Nonetheless, Nazma participated in the training courses offered by several NGOs, most notably by the Ayesha Abed Foundation and the Small and Medium Enterprise Foundation, covering different aspects of the business from fine sewing skills to marketing to accounts and quality control. By 1998, she had registered Karu Polli with the Department of Women Affairs and in 2002 a second registration with the Department of Social Welfare was achieved. She mentions the efforts of the governor of Bangladesh Bank, the Jamalpurborn Atiqur Rahman, in liaising with local banks to free up loan availability needed for expansion of the kantha industry.
From an initial 'showroom' that consisted of a room in her small house featuring a sofa and sewing products,
Nazma's business has never looked back. In 2003 Karu Polli moved into its current custom-built showroom where a range of products beyond
nakshi kanthas including bed covers, saris, three and one piece suits, tops, dresses, Punjabis, fotu as, bags and wall mats are sold. Karu Polli features the work of 1900 artisans from at least five villages, employs a staff of six in addition to those involved in tracing and printing, which these days is done both by hand and using the more exact computerized 'skin print.'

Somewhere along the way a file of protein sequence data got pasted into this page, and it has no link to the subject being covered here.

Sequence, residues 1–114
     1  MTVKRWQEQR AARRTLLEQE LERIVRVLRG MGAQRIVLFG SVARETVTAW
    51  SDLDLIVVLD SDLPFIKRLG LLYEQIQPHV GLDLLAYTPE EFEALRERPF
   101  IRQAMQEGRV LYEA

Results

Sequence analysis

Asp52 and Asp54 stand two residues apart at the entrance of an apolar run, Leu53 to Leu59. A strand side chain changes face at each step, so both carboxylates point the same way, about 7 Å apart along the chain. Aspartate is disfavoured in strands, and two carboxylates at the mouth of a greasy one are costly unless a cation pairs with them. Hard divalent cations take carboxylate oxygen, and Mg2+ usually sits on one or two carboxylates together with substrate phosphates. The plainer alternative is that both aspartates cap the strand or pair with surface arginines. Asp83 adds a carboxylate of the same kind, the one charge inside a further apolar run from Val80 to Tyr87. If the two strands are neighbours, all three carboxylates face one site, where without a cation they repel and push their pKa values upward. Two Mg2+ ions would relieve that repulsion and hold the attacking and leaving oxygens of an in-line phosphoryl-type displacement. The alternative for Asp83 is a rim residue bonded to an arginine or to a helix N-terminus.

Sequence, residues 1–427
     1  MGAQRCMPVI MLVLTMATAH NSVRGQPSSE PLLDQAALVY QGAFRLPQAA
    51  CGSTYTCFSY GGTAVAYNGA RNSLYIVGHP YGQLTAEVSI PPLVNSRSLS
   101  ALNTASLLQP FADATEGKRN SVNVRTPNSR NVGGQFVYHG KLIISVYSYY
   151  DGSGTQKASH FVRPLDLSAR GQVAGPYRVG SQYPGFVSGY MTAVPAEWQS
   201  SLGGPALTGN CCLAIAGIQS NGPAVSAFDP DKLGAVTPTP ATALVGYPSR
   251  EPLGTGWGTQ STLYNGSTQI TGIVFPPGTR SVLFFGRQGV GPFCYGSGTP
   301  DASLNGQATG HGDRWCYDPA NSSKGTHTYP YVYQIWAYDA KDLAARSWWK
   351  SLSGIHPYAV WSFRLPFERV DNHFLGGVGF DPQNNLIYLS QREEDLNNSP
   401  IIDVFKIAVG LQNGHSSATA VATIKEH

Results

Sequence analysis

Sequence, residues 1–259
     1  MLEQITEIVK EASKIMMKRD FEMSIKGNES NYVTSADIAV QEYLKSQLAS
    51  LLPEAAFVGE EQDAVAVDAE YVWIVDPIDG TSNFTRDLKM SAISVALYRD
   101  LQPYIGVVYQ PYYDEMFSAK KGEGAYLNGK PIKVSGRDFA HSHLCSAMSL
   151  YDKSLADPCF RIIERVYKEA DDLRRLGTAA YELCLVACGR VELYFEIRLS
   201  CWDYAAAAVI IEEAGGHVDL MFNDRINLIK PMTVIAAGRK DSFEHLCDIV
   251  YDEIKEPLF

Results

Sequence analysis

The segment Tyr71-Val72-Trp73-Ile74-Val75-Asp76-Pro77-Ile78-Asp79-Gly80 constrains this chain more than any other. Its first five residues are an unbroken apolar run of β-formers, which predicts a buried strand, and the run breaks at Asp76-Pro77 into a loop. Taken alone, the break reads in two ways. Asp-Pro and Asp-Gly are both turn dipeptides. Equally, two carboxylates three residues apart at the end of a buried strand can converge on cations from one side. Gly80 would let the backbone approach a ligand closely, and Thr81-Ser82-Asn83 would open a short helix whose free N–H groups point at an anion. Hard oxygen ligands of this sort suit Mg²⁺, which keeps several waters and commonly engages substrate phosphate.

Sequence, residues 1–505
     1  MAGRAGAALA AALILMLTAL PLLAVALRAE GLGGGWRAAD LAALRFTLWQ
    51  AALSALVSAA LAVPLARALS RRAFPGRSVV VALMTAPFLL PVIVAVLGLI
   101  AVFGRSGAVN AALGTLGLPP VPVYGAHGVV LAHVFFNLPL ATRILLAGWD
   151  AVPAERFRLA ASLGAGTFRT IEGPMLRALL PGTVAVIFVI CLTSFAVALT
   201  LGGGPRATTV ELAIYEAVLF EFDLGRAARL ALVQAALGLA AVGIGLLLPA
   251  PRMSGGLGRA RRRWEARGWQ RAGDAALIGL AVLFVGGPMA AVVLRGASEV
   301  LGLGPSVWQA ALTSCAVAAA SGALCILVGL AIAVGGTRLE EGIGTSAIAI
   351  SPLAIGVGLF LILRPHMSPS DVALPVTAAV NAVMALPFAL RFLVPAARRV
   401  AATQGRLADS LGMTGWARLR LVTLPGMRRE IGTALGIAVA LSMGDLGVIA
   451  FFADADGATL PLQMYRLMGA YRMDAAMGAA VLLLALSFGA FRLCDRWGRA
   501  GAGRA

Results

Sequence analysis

Now Nazma spends most of her time in helping other women, particularly with the administrative skills she has acquired, such as how to apply for a bank loan or how to register a business. Nazma says she has enjoyed witnessing the changes in her area. She said that when she first went to the Defulibari village nearby, the women used to say they needed sugar or flour. Now they speak of needing new furniture or jewellery. Most mud thatch houses have been replaced by tin and they have sanitary latrines.
Nazma believes that when a woman can earn money and help her family, she gains confidence. This is why she says there isn't a village without sewing businesses run by women. Their husbands, she adds, are extremely proud of them. The women have their sights set on exports. There is currently no easy way to market products or develop export sales, and middlemen from Sylhet or Dhaka with better access to the capital, often buy in bulk both for the broader domestic market and for exports. One facility that could be of benefit, especially for larger businesses, would bbe the training of how to organize and manage internet sales; another would be to establish a
nakshi polli or a nakshi 'village' as a centralized space where all women entrepreneurs, large and small, could showcase their products. It is thought that the convenience of a nakshi polli would be attractive to international buyers.
It is the efforts of these women that have brought about a quiet revolution in rural Bangladesh. Indeed, the nakshi kantha industry has put many Bengali women at the forefront of household and community development.